Our Short History

I bought this book because Ann Garvin read it and loved it.  She’s an amazing author, and I’d just come from a writing class where she passed along a whole stack of helpful information, so when she said this book was amazing, I figured she would know.  It’s not a book I would have purchased because the cover doesn’t include any of the colors I always gravitate to, and there’s no food to override the color issue.  I would have passed it by in the store, but here it was on the way to my mailbox, because Ann said so.  And Ann knows.

I hadn’t explored what the book was about, didn’t really know what I was in for.  By the end of the first page I started to catch on.  A few more pages in and I realized what this book was about.  I picked up “Our Short History: A Novel” by Lauren Grodstein without realizing that the premise is an author speaking directly to the reader, and there is a specific reader in mind, her adult son, Jake, who happens to currently be six years old.  Oh, and by the way, she’s two years into the estimated four years of life expectancy given to her by her medical team.  She has ovarian cancer and she is officially no longer in remission.  She’s explaining her life to her young son for him to read when he’s reached the appropriate age. She tells the story of meeting his father and the complex (complex!!) relationship they share.  And yes, it packs every bit of the wallop you immediately expect, and some extra I didn’t see coming.

Here’s the thing.  You’re going to want to take this with you on your vacation to the Dismal Swamp that you’re planning for yourself and your little melon collie named Lennie.  You’re going to want this and a book on quicksand.  Kidding.  You’d think this would be the most depressing thing ever, a young boy is so close to losing his Mum.  However.  The quality of the storytelling made this book nearly impossible to put down.  There is much more than the sheer weight of mortality that made the book incredibly engaging.  One expects the heartbreak in a story like this.  What one doesn’t expect is the sly wit of the author.  Cancel your reservations for the Dismal Swamp, this book will be a pleasure to read.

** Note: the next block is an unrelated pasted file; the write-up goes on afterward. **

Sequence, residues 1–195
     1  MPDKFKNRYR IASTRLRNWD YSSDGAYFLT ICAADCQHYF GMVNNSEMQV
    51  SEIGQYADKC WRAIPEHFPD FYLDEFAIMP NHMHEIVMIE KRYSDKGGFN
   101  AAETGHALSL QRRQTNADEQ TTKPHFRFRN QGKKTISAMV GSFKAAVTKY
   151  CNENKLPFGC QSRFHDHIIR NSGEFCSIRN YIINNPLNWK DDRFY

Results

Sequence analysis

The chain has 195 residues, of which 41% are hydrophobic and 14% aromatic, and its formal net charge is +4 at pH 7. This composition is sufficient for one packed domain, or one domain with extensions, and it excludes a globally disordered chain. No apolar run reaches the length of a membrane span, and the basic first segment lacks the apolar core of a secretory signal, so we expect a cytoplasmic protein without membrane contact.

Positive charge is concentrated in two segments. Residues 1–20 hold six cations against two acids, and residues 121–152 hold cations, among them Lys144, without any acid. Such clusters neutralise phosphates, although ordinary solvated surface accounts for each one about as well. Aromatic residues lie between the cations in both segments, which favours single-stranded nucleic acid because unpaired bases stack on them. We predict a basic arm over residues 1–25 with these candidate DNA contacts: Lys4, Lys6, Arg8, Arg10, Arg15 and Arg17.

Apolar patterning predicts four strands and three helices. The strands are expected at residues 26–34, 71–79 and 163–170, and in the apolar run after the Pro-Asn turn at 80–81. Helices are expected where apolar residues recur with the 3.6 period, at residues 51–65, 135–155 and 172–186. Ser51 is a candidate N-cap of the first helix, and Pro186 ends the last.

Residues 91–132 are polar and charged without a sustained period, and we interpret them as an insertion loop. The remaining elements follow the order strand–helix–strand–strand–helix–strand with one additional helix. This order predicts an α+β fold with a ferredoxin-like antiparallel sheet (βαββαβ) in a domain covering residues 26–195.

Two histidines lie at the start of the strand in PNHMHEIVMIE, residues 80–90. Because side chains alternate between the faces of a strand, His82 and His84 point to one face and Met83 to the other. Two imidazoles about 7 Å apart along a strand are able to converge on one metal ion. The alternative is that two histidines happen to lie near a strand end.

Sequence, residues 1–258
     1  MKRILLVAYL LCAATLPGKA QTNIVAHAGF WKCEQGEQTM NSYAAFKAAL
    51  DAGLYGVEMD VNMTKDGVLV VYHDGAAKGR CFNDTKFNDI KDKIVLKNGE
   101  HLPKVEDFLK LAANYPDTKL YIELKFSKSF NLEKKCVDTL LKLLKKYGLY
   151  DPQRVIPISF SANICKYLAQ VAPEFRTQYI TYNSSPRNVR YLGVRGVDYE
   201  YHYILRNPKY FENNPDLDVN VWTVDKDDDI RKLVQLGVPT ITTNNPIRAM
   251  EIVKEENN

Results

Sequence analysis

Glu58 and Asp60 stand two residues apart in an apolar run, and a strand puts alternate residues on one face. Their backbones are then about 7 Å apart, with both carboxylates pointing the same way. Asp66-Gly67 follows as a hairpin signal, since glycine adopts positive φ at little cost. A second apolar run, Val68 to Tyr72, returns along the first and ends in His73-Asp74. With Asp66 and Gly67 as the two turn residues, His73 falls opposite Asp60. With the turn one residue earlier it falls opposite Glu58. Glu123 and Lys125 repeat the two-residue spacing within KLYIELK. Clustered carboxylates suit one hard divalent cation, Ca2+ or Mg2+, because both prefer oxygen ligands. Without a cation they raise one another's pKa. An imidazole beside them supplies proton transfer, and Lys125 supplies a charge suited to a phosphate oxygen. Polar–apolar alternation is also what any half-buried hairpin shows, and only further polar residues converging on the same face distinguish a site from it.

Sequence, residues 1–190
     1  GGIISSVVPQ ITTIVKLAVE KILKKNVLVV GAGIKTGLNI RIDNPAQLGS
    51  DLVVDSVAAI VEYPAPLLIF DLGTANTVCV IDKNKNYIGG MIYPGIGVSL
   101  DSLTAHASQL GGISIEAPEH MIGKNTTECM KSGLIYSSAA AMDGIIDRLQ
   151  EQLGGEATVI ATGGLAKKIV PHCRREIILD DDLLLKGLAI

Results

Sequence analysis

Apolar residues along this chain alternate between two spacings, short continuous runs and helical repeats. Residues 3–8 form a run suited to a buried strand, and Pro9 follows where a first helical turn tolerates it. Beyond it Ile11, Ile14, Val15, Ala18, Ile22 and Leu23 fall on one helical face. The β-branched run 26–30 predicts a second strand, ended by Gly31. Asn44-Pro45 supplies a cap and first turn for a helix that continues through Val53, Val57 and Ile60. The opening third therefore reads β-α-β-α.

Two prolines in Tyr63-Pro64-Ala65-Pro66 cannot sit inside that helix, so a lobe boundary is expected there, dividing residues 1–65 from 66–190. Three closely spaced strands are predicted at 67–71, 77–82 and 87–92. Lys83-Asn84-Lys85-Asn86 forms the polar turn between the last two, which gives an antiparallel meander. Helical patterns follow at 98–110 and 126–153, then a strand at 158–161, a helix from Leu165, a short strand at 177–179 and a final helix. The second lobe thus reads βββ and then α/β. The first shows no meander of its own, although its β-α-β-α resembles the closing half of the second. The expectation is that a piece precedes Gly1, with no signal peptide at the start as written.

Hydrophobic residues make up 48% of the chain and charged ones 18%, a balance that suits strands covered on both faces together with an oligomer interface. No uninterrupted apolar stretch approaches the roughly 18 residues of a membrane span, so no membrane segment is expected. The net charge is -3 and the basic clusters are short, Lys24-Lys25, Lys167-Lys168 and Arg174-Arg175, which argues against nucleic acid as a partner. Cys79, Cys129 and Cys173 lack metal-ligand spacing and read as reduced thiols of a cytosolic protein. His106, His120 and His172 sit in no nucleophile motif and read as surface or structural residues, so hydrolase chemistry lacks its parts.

Laura is enjoying the company of her gentlemen friend and he’s explaining that he doesn’t want children.  She looks around at his vast collection of Star Wars Toys.  “‘But Dave,’ I said quietly, ‘You have so many toys.'” at which point I laughed and surprised my sleeping beagle-blend dog who gave me a reproachful look and went to find a more peaceful spot to sleep.  The text is garnished with this sort of unexpected humor that takes the overwhelming weight of the story and makes it real, delightfully snarky, and infinitely palatable. 

I remember discovering the work of Tig Notaro while taking a creative writing class at Stanford University.  I remember being so blown away by her work that I spent three whole days reading and watching everything I could find by her or about her.  The voice of Lauren Grodstein is very different than Notaro, but there is also a quality that these women have in common.  The ability to share the travails of life and to do so with humor is pretty incredible.  In fact, the class I took was called “I Laughed so Hard I Cried: Writing Tragedy and Comedy with Rachel Smith” and let me tell you, the class was awesome.  Of everything I’ve read since, this is probably the best example of the things we were learning in that class.  The humor comes in observations and the absurdity of life and sometimes in delightful snark.